Archaic inscribed epigram often allows an object to speak in a bold first person. Noting this, Jesper Svenbro observes that the ancient reader must have had no countervailing “conviction that the first person necessarily implies an inner life and voice” (1993: 42). I have often found it necessary to repeat this observation to my students, as they immediately assume that even such simple statements as “Iphidice dedicated me to Athena” (CEG 198) imply an assumed mind behind the voice. In my twenty-minute paper, however, I pose the question: what if my students are right? My paper breaks down this question into two parts. First, to what extent did the ancient reader grant personhood to an inscribed “speaking object,” treating it more or less as one would any other interlocutor? And second, how closely should we connect this grant of personhood to a mind—to an artificial intelligence?
In addressing the first question, I apply the findings of social presence theory. This theory was pioneered in the 1970s to quantify the attenuated presence of people encountered through telecommunication (Short, Williams, and Christie 1976). To what degree, the theory asked, did a person seeing (for example) a newscaster on television, consider that person to be present to him or her? And what factors affected that impression of presence? Today this theory is applied to situations where no real person may be involved, such as multiplayer computer gaming, which incorporates both digitally mediated representations of networked players (or “avatars”) and computer-simulated characters with no human operator (or “bots”). Psychological researchers attempt to determine the extent to which players feel that they are “with another person” in the game (e.g. Biocca, Harms, and Burgoon 2003, Hudson and Cairns 2014). By applying their conclusions to the ancient evidence, my paper finds that, while the ancients would not have answered “yes” to the direct question “is this object a person?” their behavior when confronted with such objects likely indicated a tacit assent.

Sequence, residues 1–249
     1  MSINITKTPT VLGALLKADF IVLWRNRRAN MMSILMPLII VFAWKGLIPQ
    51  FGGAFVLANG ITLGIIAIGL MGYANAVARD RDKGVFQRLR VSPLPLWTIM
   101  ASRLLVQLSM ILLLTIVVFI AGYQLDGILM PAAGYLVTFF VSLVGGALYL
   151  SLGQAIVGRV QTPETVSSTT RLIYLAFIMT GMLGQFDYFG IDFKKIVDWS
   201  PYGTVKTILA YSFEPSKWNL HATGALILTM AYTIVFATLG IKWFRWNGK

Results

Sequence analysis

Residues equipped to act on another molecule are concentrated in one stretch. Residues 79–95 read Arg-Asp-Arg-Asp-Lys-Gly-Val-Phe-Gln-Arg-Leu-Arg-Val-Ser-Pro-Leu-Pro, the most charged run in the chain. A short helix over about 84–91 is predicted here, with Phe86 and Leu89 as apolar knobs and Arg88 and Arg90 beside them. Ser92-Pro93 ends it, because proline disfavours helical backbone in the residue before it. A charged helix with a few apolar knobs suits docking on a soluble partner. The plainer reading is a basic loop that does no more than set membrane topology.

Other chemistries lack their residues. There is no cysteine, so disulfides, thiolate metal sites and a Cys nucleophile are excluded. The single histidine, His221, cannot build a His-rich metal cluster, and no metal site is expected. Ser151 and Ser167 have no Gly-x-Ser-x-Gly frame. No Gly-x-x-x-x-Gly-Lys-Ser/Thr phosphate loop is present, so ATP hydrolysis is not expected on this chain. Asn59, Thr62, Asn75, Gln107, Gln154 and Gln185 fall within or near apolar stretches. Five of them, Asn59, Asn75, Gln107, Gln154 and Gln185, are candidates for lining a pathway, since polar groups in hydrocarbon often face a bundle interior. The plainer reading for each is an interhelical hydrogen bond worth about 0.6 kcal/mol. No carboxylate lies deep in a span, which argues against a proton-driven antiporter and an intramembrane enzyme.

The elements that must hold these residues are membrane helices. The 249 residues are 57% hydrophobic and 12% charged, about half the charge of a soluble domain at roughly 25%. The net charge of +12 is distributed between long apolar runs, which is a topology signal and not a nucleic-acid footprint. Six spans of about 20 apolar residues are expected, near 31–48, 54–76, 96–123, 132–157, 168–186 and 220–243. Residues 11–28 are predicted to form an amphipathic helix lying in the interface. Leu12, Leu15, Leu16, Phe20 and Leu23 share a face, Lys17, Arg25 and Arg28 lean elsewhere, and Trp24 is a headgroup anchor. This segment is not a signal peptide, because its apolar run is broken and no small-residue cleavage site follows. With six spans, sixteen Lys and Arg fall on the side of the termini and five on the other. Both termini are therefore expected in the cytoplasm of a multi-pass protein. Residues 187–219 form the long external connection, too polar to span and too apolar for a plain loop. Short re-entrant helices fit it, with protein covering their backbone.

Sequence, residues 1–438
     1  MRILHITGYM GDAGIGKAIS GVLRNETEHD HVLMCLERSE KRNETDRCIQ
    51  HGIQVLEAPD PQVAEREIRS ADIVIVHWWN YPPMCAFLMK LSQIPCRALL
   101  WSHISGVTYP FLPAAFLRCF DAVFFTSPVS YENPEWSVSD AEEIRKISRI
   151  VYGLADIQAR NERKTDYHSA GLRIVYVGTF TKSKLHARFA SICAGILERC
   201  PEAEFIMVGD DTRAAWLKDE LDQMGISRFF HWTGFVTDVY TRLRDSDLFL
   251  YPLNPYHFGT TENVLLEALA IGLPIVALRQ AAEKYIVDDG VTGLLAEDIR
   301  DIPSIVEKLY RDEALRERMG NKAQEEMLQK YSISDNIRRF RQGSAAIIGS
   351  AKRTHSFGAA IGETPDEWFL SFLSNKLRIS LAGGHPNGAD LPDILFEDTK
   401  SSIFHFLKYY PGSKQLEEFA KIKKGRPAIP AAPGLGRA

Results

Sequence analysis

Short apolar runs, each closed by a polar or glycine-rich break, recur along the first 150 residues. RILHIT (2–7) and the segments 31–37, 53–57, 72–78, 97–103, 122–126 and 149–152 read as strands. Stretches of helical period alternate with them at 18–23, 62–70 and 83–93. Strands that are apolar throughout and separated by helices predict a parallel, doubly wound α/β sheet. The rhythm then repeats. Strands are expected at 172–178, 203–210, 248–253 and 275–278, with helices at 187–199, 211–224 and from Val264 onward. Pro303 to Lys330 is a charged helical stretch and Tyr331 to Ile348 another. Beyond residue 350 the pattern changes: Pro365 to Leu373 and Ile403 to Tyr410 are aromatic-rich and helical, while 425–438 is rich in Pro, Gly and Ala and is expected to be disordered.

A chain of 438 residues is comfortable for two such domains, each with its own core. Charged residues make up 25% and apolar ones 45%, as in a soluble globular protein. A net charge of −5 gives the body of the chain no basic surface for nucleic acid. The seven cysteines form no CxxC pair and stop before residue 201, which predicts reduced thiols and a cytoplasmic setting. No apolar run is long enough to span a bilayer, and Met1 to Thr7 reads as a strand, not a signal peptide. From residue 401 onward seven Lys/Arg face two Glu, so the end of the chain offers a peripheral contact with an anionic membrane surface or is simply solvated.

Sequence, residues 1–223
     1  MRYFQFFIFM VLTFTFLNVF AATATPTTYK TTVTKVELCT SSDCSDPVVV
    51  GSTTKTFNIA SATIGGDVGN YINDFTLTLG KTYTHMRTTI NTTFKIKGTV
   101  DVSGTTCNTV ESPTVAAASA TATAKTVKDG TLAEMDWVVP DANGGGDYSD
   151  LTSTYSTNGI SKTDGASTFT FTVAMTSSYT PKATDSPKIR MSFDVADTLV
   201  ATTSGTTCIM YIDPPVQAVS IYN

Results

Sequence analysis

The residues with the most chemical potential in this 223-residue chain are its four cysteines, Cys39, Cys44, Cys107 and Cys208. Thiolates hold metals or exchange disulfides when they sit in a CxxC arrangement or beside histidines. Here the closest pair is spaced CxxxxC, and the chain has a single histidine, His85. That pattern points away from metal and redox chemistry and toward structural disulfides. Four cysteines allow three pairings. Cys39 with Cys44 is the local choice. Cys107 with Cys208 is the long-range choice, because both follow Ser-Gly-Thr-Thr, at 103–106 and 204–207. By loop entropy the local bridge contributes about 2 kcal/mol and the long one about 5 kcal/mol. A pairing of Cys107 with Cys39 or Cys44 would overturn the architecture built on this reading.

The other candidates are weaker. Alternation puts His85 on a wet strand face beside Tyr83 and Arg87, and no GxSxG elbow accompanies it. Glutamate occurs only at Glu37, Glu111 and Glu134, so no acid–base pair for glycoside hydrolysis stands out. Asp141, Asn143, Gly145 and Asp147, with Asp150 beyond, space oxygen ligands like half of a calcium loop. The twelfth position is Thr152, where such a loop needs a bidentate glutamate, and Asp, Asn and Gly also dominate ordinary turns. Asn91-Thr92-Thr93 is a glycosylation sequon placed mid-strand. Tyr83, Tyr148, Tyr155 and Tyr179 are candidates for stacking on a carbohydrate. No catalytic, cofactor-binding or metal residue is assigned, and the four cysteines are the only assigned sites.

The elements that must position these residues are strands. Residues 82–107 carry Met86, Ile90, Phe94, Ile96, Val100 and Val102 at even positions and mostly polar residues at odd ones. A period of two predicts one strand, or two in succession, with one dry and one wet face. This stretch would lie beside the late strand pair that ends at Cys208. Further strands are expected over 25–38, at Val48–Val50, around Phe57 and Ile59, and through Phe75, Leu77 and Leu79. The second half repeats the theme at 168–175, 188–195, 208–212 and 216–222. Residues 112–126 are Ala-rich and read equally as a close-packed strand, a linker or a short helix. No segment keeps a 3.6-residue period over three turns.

Finding an explicit mind behind a grant of personhood is more difficult: all but the most rigorous thinkers simply assume that the two inevitably go together, and even some who probe the issue directly tend to fall back on “rules of thumb.” In fact, both Plato (Phaedrus 275d4–e5) and Alan Turing (1950: 433–434) appear to use the same standard to diagnose the presence of intelligence: does the thing in question apparently respond interactively to questioning by an ordinary interlocutor? Given this agreement, we have reason to believe that the results of modern AI experiments may have trans-historical implications. By examining a few “near-misses” of Turing’s standards, my paper will demonstrate that, even in the past fifty years, the popular understanding of intelligence has evolved substantially, as people tend to attribute intelligence to any device that exceeds their prior experience with non-human devices. In short, people do not know what intelligence is, but only what it isn’t: it isn’t the things they’ve seen before. This finding allows us to understand why Plato’s “near-miss”—a painting or a written text—is beneath consideration today: we know devices that can do better. But the ancients, who started from a lower bar, probably would have conceded intelligence to works of art, or to texts, if those things represented a substantial departure from past works.
My paper then makes a brief attempt to apply these findings, by generating a rough rubric from the results of modern research, and using it to evaluate a few inscribed epigrams. We will see that their use of the first person is not simply conventional, but part of a strategy to create an impression of personhood, and perhaps even of mind. Both we and the ancients, then, had a desire to connect to a “thinking machine” (Turing 1950: 434)—and both of us have thought that we were on the cusp of inventing one.
Linguistic Strategies and the Hermeneutics of Reading